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One of the Most Daring WWII Air Raids Targeted Hitler's Critical 'Gas Station'

July 10, 2020 in History

By Sarah Pruitt

U.S. airmen were awarded five Medals of Honor for this risky, low-flying bombing mission.

In the early morning hours of August 1, 1943, a total of 177 B-24 Liberator bombers took off from Allied airfields near Benghazi, Libya, heading northeast over the Mediterranean Sea with more than 1,700 U.S. airmen aboard. Operation Tidal Wave—one of the most daring, and costly, raids of

‘Bloody Sunday’ Deemed Heroic But Unsuccessful

A gasoline refinery and storage facility used by Nazi armed forces in flames after a bombing raid by the U.S. 9th Army Air Force.

Of the original 177 Liberators that departed Benghazi for Operation Tidal Wave, only 92 returned. Germans destroyed 54 of the bombers, while others were able to land in other Allied airfields. More than 300 U.S. airmen were killed in the raid, with more than 100 captured by the Germans and nearly 80 interned in Turkey after their planes were forced to land there.

Despite the bravery on display on “Bloody Sunday,” as historians dubbed it, the Ploesti mission was a strategic failure. “Hitler’s Gas Station,” though damaged, was not destroyed; the oil refineries were back at full production within weeks. “It took many more missions, mostly done at a high altitude, to eventually knock out that oil field,” says Michael Sellers, a filmmaker whose late grandfather, John L. Sullivan, served as a bombardier navigator in the 93rd.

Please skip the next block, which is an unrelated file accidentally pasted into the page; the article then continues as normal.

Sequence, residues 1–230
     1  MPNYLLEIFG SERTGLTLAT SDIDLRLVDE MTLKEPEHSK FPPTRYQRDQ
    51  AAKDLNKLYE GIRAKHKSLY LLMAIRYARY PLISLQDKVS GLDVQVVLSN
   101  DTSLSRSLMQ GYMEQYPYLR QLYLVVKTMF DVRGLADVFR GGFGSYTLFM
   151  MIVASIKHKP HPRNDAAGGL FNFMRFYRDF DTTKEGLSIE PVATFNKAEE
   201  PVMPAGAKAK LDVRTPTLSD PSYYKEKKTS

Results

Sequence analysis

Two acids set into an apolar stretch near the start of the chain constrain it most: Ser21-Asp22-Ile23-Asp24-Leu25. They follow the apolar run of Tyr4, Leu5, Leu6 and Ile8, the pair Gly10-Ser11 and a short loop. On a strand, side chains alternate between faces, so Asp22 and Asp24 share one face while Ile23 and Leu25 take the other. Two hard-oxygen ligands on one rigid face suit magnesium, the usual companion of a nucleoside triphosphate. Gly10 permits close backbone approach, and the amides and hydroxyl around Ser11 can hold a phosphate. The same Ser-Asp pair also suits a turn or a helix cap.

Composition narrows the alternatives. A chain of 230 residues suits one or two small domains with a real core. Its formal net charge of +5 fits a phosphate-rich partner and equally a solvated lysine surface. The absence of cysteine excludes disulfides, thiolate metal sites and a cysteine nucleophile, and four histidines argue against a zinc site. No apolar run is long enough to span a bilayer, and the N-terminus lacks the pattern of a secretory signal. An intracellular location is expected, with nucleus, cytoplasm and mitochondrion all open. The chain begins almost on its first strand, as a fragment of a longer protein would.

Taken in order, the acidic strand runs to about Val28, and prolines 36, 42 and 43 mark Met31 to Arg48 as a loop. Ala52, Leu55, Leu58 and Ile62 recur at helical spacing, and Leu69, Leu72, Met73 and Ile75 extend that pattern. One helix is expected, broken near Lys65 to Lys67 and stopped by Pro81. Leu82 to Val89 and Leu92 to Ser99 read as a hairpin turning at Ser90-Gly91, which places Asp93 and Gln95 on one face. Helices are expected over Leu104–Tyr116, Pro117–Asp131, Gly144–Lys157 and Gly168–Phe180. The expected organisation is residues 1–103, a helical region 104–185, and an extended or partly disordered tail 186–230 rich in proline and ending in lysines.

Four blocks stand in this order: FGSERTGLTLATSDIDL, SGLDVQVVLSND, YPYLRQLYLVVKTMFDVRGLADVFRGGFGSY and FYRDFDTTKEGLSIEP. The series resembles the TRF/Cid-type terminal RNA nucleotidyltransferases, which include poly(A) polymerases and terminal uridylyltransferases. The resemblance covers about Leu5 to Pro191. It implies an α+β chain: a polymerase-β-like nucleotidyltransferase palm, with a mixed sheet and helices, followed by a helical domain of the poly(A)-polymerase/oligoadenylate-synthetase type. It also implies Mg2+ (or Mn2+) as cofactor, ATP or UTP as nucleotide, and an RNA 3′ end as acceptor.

By war’s end, the “Traveling Circus” would fly 396 missions, more than any other bomb group in the Eighth Air Force. Members of the 93rd, along with later generations of their family members, have met for decades in reunions in the United States as well as at Hardwick, the former air base in England where the group made its home during the war. Sellers chronicles the ongoing reunions (the first one of which he attended with his grandfather in 2001) and the 93rd’s wartime service in his documentary Return to Hardwick: Home of the 93rd Bomb Group.

Avendano, Duran’s great-uncle, survived the Ploesti mission, but was killed during a test flight in England in January 1944. “It was not just to remember my uncle, but all the veterans that served in the Army Air Force, and specifically in the 93rd Bomb Group,” Duran says of his work researching Operation Tidal Wave, as well as his visits to Hardwick and other reunion activities. “It was our wish to keep …read more

Source: HISTORY

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